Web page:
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Sunday, January 22, 2017

Red alert!!! Vampire Bats Found Feeding on Human Blood.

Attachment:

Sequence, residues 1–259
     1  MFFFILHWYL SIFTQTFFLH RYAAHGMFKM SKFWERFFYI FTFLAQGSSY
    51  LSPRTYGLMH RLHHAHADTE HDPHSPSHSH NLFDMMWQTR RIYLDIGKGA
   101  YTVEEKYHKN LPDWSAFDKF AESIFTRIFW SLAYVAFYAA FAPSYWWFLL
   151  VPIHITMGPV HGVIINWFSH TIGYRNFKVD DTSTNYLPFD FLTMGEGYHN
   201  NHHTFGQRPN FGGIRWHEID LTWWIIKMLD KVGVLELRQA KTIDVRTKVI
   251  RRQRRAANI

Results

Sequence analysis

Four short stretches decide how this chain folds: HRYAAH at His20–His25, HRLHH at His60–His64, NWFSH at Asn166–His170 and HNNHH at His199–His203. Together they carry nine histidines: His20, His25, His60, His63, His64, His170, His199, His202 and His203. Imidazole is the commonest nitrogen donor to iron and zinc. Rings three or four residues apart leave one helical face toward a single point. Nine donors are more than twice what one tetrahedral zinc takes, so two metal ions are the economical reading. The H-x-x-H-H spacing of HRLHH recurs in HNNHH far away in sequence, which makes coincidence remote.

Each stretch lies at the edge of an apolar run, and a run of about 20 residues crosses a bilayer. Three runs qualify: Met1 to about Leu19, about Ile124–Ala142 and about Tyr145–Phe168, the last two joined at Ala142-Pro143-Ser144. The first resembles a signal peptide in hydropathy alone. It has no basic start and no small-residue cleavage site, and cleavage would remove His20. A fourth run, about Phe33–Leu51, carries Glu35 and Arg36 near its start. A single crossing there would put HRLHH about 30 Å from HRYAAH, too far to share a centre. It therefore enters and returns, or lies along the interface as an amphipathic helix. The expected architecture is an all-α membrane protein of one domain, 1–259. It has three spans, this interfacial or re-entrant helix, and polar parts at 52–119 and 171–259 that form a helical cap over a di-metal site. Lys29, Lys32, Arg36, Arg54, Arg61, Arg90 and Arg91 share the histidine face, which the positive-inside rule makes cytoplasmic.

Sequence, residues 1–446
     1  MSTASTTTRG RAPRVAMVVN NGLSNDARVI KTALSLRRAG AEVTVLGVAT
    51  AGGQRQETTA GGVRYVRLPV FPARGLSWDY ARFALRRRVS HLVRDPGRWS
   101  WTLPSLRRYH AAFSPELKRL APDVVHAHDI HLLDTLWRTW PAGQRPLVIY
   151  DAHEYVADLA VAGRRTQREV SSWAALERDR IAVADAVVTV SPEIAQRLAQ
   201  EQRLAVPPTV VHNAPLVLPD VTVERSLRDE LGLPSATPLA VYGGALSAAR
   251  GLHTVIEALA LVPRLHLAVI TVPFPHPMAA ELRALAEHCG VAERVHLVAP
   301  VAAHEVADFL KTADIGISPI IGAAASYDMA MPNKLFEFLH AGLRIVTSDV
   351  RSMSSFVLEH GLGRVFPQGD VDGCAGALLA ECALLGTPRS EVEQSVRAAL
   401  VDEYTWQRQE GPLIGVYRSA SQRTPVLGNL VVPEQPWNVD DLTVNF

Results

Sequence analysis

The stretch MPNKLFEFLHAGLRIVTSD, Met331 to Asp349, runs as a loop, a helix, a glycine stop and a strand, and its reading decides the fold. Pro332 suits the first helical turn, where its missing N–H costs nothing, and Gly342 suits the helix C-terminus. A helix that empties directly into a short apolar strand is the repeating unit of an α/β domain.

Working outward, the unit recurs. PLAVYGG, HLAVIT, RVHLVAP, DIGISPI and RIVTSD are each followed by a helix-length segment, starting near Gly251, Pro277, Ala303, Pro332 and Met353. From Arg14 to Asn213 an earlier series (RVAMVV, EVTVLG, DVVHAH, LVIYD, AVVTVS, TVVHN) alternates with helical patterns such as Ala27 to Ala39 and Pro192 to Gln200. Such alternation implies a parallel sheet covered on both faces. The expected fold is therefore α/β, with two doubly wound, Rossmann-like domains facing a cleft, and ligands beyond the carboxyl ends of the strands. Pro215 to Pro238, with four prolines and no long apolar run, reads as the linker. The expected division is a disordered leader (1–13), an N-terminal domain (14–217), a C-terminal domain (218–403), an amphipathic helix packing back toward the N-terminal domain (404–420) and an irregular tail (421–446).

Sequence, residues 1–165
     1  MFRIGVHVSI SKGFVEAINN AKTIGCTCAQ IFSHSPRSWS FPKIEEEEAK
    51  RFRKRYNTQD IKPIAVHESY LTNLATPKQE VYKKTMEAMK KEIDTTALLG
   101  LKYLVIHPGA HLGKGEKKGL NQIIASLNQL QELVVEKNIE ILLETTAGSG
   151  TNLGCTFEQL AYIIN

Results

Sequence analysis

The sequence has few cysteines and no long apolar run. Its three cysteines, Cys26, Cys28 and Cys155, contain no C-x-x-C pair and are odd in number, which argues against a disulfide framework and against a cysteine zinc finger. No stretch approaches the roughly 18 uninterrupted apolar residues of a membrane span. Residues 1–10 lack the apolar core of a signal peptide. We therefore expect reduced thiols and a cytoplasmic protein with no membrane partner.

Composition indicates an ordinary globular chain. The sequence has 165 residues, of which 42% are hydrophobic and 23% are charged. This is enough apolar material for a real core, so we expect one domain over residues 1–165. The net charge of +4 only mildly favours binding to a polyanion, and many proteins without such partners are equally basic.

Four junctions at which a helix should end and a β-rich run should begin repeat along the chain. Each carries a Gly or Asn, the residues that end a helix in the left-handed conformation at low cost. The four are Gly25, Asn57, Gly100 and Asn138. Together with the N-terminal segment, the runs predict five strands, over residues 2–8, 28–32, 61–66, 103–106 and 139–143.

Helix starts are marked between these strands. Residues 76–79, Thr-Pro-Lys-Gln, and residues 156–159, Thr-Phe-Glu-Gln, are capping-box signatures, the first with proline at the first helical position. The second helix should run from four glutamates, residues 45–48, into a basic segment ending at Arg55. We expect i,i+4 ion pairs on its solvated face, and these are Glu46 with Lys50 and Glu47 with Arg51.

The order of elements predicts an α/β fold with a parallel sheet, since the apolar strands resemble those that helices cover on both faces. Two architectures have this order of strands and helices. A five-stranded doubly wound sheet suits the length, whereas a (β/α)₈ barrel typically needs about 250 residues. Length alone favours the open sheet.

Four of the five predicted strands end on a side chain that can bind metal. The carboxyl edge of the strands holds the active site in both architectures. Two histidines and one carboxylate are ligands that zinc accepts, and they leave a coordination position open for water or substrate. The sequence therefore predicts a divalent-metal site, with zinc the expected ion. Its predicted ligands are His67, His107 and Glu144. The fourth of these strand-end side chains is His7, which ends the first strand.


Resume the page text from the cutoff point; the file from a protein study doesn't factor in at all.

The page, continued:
Vampire Bats Found Feeding on Human Blood,and its not a movie clip.DNA samples from the dung of hairy-legged vampire bats, which survive by drinking bird blood, were recently discovered to have traces of human blood. The urban legend of the vampire that haunts our nightmares might not be just a legend after all. Vampire bats have evolved to subsist entirely on blood, and now for the first known time one type of vampire bat has started feeding on humans. The hairy-legged vampire bat (Diphylla ecaudata) has always been known to survive on the blood of various birds. A new study published in the journal Acta Chiropterologica found that this species of vampire bat is now feeding on human blood as well. Two other species of vampire bat—the common vampire bat (Desmodus rotundus) and the white-winged vampire bat (Diaemus youngi)—are known to jump from one source of blood to another, but never human blood. All three species of vampire bats can be found across the Americas, ranging from Mexico to Brazil, Chile, Uruguay, and Argentina. They feed by puncturing the skin of their prey with sharp incisors and drinking the blood that flows from the wound. Deforestation has been wreaking havoc on the Caatinga dry forests of northeastern Brazil, displacing the vampire bat population. Brazilians have also been hunting the tinamou and guan birds, which are the prey of vampire bats. With food sources running dry, investigators from the Universidade Federal de Pernambuco in Recife, Brazil decided to find out what these vampire bats were surviving on instead. Predictably, DNA analysis of fecal samples from 15 bats showed that most of the samples contained chicken blood. But 3 the 15 samples contained traces of human blood. Enrico Bernard, the lead researcher on the study, was surprised at this discovery, saying, “This species isn’t adapted to feed on the blood of mammals.” Vampire bats are adapted to process fat, which is a primary component of bird blood, compared with the thicker, high-protein blood of mammals. This new-found evidence is a cause of concern to investigators, worried about the spread of viruses from the bats to their human prey. A similar phenomenon occurred in northeast Brazil in 2015,when deforestation led another type of vampire bat to bite and infect more than 1,000 people with rabies, causing at least 23 deaths. Investigators are worried about what this discovery might mean for Brazilians and their well-being because the hairy-legged vampire bat has been known to carry the deadly hantavirus. The hantavirus can cause a respiratory disease in humans that can be fatal. The investigators believe these vampire bats are entering people’s bedrooms through holes in roofs or windows while they’re sleeping. To learn more, the research team is following up by visiting homes of local residents to find out how often they are being bitten, when they are being bitten, and how they are being bitten. source